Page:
The John Giorno Foundation, in collaboration with Almine Rech Shanghai, is pleased to announce John Giorno’s sixth solo exhibition with the gallery and his first solo show in Asia, I Am a Poet.
Friday, August 25, 2023
3:30 - 4:30pm: Panel discussion with Anthony Huberman (John Giorno Foundation), Thibault Geffrin (Almine Rech), and Yuan Fuca (Independent Curator)
5 - 7pm: Opening Reception
"I am a poet” and "I am a Buddhist” are the two ways John Giorno most often introduces himself. These two identities are central to our understanding of the artist. However, as a Zen monk once said, "How can we appreciate the beauty of the moon when we are in it?" It would be futile to look directly for traces of Buddhism in Giorno's artworks. We shall take a detour to appreciate his art.
From the 1950s onwards, North America began to receive influence from Buddhist preachers led by D.T. Suzuki, Chögyam Trungpa, among others. Some of the most prominent artists, poets, and scholars of the era, including Giorno, integrated Buddhism into their vision in one way or another. However, besides Giorno, very few lived their entire lives in a way almost as 'Upāsaka' — the follower of the Buddha. The artist's bond with Buddhism began to germinate during his undergraduate years at Columbia University, and he did not limit his interest in this religion to an inner conversation or spiritual solace within himself.
In 1975, Giorno visited India for the fifth time. It was during this trip that he managed to invite his guru, Dudjom Rinpoche, to visit the United States. Giorno raised funds to help Rinpoche establish the Yeshe Dorje temple in Greenwich Village, New York City, which was eventually founded in 1976. Giorno devoted all his energy and time to this temple in the first few years. As he recalled this moment of history, he said:" I had accomplished everything I wanted to do.”In 1982, Giorno transformed his house into a Tantric meditation hall, and used it to hold a grand and solemn Fire Puja every New Year's Day for more than 30 years before his death.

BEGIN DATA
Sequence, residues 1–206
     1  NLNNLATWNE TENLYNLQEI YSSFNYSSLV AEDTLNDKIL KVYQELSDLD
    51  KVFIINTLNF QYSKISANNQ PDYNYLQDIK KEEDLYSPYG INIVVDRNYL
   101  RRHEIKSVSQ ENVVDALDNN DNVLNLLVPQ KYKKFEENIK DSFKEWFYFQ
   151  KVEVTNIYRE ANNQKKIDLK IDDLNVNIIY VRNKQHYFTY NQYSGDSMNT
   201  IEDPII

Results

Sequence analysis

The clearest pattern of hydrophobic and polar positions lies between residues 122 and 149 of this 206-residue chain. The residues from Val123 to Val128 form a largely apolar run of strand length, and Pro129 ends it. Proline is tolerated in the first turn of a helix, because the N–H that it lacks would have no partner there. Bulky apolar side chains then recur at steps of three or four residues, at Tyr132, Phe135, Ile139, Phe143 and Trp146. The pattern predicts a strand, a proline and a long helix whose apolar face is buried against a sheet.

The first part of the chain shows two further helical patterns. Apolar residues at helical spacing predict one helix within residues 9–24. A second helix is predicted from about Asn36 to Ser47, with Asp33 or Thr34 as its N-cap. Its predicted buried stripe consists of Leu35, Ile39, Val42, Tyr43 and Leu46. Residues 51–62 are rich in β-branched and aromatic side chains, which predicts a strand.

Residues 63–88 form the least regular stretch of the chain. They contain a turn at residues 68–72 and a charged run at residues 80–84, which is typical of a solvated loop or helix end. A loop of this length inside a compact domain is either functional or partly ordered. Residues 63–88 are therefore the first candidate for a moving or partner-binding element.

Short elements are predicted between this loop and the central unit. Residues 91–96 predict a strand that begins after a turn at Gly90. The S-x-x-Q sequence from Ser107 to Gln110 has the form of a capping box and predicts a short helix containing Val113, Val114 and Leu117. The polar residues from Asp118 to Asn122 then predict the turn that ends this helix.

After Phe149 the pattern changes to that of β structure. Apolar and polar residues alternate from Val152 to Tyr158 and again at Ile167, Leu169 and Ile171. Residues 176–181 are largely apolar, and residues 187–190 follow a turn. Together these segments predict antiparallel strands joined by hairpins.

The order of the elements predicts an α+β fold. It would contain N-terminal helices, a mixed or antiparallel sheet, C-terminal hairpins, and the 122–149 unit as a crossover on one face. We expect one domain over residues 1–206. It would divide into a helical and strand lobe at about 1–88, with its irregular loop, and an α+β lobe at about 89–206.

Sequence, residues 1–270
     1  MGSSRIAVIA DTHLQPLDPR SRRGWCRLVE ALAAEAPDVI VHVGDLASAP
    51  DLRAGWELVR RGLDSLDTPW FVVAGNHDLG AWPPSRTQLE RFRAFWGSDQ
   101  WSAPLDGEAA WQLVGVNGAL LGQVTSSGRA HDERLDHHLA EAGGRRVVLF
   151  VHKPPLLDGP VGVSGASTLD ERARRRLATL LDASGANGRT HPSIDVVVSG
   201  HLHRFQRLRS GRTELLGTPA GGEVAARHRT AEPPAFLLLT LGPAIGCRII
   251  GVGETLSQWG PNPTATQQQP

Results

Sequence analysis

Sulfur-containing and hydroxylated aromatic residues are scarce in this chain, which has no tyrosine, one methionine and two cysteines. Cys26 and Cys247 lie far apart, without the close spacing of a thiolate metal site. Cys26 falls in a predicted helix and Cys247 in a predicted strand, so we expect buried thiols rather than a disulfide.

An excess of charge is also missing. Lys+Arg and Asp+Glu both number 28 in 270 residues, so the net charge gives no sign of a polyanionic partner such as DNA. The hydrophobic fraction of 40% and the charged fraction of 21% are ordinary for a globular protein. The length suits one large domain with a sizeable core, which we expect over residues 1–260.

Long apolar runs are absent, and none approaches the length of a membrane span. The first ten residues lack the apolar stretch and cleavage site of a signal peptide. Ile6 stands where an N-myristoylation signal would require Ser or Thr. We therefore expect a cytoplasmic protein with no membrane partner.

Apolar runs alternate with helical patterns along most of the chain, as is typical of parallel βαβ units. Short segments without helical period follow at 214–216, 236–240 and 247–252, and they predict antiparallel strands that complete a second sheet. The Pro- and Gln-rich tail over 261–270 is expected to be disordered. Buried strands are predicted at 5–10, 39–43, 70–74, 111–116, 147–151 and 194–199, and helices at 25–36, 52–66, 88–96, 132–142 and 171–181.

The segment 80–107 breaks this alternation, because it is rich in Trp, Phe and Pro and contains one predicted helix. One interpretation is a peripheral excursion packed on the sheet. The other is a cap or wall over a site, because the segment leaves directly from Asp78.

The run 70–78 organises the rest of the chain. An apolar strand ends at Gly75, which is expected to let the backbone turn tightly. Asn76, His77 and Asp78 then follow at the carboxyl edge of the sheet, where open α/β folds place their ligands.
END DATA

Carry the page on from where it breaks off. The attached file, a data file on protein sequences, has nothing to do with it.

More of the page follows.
It seems that Giorno’s life and work is all about sharing the treasures he found with as many people as possible without differentiation. Just as the concept of 'Dāna' is at the heart of Buddhism, which includes the cherishing of the Three Jewels and unconditional love for others. This is the most fascinating link that connects Buddhism and Giorno's work. As early as the mid-1960s, he set off to work on the broader dissemination of poetry through the renewal of this genre. Giorno printed stanzas from poetry in a newspaper headline style on flyers, T-shirts, and other everyday objects. In the late 1980s, the artist began experimenting with screen printing on canvas, as we see today on the gallery walls. The idea of democratizing the distribution of poetry pinnacled in the work "Dial a Poem." Poetry is a form of artistic expression with a shade of elitism, and the artist uses daily action to subtly connect it with everyone. At the same time, the artist has inadvertently created a kind of "blind box" marketing strategy that we now know — everyone wants to hear their favorite poem. Giorno once said of this work, "I discovered that creating a desire that is un-fulfillable is the ultimate success." Human desires is also an implicit part of this work.
The genre of poetry, which has a long history in both East and West, undergoes complex and fascinating transformations in the artist's writing, utterance, body, and visual artworks. In general, Giorno's text-based content is complex in its origins, coming from pop culture, colloquialisms, advertisements, and even Buddhist stories. Among them, I think the most relatable one to the Chinese audience is the phrase "Prefer crying in a limo to laughing on a bus," which has a striking structural and content similitude with the phrase "Prefer crying in a BMW to laugh on a bike," which has been widely circulated in China since ten years ago. However, unlike the controversies that the second phrase had been subjected to, in Giorno's work, we hardly feel any judgment from the artist himself. The opposing elements of vulgarity and elegance, the masses and the elite, are all dissolved in his works. All that remains is the dialogue we have with ourselves when we read these words. In a forewords to one of Giorno's books, William Burroughs writes: "John Giorno raises questions to an almost unbearable pitch, to a scream of surprised recognition. Litanies from the underworld of the mind reverberate in your head and ventriloquize your own thoughts."
Giorno has no intention of edifying others but rather committing himself to providing an opportunity to new experiences for all without distinction. Giorno made poetry just a phone call away, and the many Tibetan Buddhist institutions he has supported are still flourishing on the Manhattan Island today."
— Neil Zhang, curator and researcher in Buddhism